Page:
Preliminary Findings from the Challenges of Capturing Engagement on Facebook for Altmetrics Study

With more than 2.2 billion active users—six times as many as Twitter—Facebook is by far the largest social media platform on the web today. Yet despite its popularity, studies investigating Facebook sharing have reported surprisingly low levels of user engagement with scholarly research on the platform. Are Facebook users really sharing fewer academic articles than Twitter users? Or is there something else going on?

In a recent study, ScholCommLabers Asura Enkhbayar and Juan Pablo Alperin set out to investigate this discrepancy by using the Facebook Graph API to search for articles that might have been overlooked by current Altmetrics engagement measures. However, before they could do so, they encountered several fundamental challenges of collecting engagement data from Facebook, some of which have never been reported before. Their findings are currently being considered for inclusion in STI 2018, the 23rd International Conference on Science and Technology Indicators. But in the meantime, we’re sharing a sneak peek of some of the highlights, right here on the ScholComm blog:

1. Working with DOIs, URLs, and Facebook’s Graph API is messy.

In an ideal world, collecting engagement about scholarly articles would follow a simple pathway: 1) A document would be identified by a Digital Object Identifier (DOI); 2) Crossref would provide the most recent URL associated with that DOI; 3) the Graph API would be queried with the URL; 4a) Facebook would map this URL to their internal identifier system; and 4b) it would simultaneously return the number of its engagements.

But the reality is much more complicated. To begin with, most scholarly articles have multiple URLs associated with them, each of which needs to be identified in order to collect the full engagement data. But there’s also challenges associated with how to aggregate the metrics that are collected for each URL. In some cases, different URLs point to the same final location—making it important not to double-count those metrics. In others, however, they point to the same article at different locations, meaning the engagement data should be added together to gain a complete picture of engagement for the article. In the case of Facebook, this aggregation is done by mapping each URL to a Facebook Open Graph Object with a unique ID—a process that is not straightforward, even when care is taken to follow best practices. Together, these challenges mean that any attempt to aggregate metrics using URL-based APIs will include some errors and limitations.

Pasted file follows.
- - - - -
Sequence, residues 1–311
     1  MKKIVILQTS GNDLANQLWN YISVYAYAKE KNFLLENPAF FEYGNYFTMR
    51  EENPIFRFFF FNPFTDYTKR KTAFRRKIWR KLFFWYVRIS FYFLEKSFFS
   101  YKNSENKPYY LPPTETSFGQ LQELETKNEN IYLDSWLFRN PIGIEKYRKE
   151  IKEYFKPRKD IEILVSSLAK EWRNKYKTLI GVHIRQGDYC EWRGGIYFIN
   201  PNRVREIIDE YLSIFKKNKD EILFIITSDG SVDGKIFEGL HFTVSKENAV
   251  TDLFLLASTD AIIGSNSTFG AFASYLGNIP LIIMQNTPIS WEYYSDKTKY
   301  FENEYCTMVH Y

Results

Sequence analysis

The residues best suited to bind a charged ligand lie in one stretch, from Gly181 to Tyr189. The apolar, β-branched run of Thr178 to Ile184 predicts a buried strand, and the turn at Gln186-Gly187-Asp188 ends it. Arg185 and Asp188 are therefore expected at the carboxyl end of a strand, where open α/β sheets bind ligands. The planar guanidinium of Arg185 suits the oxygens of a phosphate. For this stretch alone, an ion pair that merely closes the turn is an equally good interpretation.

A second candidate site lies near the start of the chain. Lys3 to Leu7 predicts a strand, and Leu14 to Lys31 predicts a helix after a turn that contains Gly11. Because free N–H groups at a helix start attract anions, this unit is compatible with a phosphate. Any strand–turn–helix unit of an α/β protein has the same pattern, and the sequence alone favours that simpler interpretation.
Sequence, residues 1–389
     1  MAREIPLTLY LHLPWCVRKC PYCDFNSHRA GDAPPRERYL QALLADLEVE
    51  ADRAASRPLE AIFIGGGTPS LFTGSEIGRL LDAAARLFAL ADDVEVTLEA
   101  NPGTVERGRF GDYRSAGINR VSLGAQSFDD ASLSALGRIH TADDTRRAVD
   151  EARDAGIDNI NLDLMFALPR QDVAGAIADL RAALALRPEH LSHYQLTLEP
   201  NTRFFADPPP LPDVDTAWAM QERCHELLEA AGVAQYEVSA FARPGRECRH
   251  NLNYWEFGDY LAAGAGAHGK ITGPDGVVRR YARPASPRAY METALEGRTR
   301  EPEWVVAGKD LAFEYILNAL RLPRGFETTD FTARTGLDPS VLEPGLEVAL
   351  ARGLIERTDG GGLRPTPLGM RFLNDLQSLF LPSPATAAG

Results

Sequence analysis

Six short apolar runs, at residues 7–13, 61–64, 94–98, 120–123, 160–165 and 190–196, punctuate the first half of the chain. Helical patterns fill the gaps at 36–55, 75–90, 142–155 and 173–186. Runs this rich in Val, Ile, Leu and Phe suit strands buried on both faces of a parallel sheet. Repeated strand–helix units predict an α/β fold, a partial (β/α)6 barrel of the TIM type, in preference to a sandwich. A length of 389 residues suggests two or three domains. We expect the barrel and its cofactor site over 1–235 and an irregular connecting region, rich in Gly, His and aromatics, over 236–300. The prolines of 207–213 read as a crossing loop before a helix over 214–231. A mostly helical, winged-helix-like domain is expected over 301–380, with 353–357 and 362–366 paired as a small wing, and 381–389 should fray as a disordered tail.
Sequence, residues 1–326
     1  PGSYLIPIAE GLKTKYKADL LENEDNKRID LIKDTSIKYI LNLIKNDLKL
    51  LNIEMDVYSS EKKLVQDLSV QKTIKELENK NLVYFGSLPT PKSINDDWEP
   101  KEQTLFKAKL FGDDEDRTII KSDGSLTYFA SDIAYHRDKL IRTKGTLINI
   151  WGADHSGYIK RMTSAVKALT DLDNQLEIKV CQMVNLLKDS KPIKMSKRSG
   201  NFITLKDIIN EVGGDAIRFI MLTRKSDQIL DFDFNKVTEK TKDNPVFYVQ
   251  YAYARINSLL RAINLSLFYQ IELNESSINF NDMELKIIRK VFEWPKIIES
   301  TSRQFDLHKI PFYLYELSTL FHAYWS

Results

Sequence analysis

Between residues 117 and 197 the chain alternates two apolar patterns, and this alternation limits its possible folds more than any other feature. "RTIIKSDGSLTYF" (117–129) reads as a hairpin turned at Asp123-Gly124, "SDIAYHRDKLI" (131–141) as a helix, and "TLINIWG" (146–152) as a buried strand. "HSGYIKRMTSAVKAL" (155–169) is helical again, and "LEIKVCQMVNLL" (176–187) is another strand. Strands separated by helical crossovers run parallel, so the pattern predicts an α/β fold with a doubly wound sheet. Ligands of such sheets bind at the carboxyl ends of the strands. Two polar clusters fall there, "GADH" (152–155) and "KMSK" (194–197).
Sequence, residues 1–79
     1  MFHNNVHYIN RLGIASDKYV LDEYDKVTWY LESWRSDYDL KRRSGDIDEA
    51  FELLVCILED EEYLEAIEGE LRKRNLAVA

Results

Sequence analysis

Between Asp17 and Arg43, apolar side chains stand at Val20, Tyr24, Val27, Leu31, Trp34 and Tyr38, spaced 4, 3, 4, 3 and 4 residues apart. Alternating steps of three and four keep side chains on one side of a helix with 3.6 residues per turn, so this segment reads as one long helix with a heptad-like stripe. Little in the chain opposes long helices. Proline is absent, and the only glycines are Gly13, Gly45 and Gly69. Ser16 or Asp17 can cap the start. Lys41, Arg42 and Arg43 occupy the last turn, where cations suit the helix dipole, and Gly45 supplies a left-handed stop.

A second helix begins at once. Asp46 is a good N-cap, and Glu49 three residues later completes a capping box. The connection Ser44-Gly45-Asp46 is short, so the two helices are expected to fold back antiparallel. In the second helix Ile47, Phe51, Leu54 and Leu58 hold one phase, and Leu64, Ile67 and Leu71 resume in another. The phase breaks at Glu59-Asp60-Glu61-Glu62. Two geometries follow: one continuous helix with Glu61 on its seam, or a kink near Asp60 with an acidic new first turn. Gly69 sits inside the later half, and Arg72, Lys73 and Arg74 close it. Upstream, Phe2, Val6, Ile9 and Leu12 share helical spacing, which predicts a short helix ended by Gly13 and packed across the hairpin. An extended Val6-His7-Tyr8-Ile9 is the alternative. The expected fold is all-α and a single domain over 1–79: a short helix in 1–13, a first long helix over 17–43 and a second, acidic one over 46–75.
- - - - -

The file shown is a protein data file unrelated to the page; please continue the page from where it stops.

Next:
A simplified visualization of the challenges of collecting Facebook engagement data
A simplified visualization of the challenges of collecting Facebook engagement data

2. The difficulties of working with Facebook’s Graph API have never been documented before.

The first challenge identified in the study—that is, the messiness of working with DOIs and URLs—has been reported by several other researchers working in this area (for example, by Chamberlain, 2013; Wass, 2016; Liu & Adie, 2013). But the problems Enkhbayar and Alperin encountered when using Facebook’s Graph API have not yet been quantified in other studies. In their paper, they present an in-depth overview of these previously undocumented challenges, along with a first approximation of how pervasive the problems they generate are.

3. In 12% of cases, reliable engagement numbers could not be identified because of these challenges.

Taken together, the challenges associated with DOIs, URLs, and the Graph API make it difficult to gain a complete picture of engagement with scholarly research on Facebook. Of more than 100,000 attempts to map engagement data to a given article, Enkhbayar and Alperin identified issues in more than 12% of cases. Given that they only tested a small number of problem cases and URL variants, these results point to large challenges facing those wishing to collect Facebook metrics through the available API.

What’s next?

The present study identified some exciting opportunities to better understand the limitations of data sources and how to overcome them. But clearly, more research is needed if we ever hope to fully understand the discrepancies between actual Facebook user engagement and the numbers that are captured by the current Altmetrics system. Stay tuned: Enkhbayar and Alperin plan to investigate this fascinating question further in their next study, coming soon.